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It is formed over the top of an older, more stylised horse that could date back as far as the Uffington Horse, as this is a Neothlic site. Historians believe another horse was carved here during the 1600s to celebrate King Alfred’s victory in the Battle of Ethandun at Bratton Camp in AD 878.

The other horses are at Marlborough, Alton Barnes, Cherhill, Hackpen, Broad Town and Pewsey, with a very recent addition at Devizes.

The Devizes Millennium White Chalk Horse

The horse at Devizes was designed by Peter Greed and carved in 1999 by around two hundred local people (and some heavy machinery) to commemorate the impending millennium.

It is unique in that it is the only Wiltshire horse facing towards the right, although there are three others in different locations in the British Isles.

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Peter Greed was one of the pupils at Devizes Grammar school tasked in 1954 with researching the old Devizes horse, and he drew up plans for re-creating it.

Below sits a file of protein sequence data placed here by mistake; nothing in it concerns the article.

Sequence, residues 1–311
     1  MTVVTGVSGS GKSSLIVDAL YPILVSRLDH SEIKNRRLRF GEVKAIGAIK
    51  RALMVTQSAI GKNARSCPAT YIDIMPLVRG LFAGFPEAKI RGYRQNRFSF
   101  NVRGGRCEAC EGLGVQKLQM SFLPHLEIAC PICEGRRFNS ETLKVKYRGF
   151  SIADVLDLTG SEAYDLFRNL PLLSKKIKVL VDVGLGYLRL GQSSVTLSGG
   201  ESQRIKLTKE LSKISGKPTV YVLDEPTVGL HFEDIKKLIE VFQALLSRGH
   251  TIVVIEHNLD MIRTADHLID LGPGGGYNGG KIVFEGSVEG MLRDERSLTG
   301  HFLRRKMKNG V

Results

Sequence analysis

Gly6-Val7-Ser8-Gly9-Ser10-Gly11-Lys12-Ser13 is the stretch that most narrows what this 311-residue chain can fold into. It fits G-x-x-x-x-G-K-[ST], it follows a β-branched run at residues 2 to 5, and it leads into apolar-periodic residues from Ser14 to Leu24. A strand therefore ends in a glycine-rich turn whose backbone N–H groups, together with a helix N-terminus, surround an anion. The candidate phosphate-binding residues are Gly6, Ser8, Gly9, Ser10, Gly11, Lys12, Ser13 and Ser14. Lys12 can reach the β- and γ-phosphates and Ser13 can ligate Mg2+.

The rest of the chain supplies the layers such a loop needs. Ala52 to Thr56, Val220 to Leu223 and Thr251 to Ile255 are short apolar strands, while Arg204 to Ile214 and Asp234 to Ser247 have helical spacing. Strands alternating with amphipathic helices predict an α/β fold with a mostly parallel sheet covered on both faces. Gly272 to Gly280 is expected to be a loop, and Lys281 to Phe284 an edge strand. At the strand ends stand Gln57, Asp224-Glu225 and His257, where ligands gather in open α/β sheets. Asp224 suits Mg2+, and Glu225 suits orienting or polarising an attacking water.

The Devizes Millennium White Horse is based on an earlier design of another white horse known as the Devizes White Horse or, locally, The Snobs.

The plan remained just a pipe dream until 1998, when Sarah Padwick, who had recently moved to the town, wrote to a local paper suggesting that a hill figure should be cut on Roundway Down to celebrate the millennium.

A local tenant farmer offered land owned by the Crown Estates Commissioners, who also gave permission. The 1954 design was resurrected, and it was decided to use a reversal of this template so that the new horse faced to the right.

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The Devizes Millennium White Horse is located on Bank Field, at Roundway Hill, on the outskirts of the town about the hamlet of Roundway.